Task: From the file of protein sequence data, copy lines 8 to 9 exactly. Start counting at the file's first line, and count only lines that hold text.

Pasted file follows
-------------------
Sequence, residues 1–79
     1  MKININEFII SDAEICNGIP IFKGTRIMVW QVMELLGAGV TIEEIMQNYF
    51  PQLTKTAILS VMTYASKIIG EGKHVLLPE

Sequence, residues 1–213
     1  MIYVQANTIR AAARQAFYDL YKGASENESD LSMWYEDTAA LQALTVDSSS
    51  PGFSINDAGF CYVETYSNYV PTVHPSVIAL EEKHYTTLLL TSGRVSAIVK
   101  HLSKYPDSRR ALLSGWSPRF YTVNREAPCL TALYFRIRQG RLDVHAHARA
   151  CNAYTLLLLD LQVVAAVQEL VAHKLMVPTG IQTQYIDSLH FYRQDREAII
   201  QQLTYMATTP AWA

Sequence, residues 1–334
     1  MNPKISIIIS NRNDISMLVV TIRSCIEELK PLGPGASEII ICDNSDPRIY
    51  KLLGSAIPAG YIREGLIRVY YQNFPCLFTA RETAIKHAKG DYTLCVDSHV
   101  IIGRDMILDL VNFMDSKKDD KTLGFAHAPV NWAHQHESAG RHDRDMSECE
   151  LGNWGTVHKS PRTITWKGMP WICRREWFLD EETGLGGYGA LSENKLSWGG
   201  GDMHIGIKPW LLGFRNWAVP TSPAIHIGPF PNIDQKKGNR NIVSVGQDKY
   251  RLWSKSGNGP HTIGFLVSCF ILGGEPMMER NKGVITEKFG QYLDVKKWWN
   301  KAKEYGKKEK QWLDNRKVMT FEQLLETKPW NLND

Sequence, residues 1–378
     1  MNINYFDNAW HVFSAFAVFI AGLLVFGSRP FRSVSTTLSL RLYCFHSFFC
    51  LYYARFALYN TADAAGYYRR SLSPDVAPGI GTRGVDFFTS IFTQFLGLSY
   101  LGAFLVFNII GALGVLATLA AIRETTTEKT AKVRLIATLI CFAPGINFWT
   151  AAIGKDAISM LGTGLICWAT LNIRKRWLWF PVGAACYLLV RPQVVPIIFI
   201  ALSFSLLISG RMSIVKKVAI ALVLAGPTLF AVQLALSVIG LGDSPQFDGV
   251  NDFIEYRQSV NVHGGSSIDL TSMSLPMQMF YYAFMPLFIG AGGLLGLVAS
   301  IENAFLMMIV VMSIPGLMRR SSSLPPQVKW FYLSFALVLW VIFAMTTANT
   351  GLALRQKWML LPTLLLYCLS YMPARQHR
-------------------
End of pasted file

   151  CNAYTLLLLD LQVVAAVQEL VAHKLMVPTG IQTQYIDSLH FYRQDREAII
   201  QQLTYMATTP AWA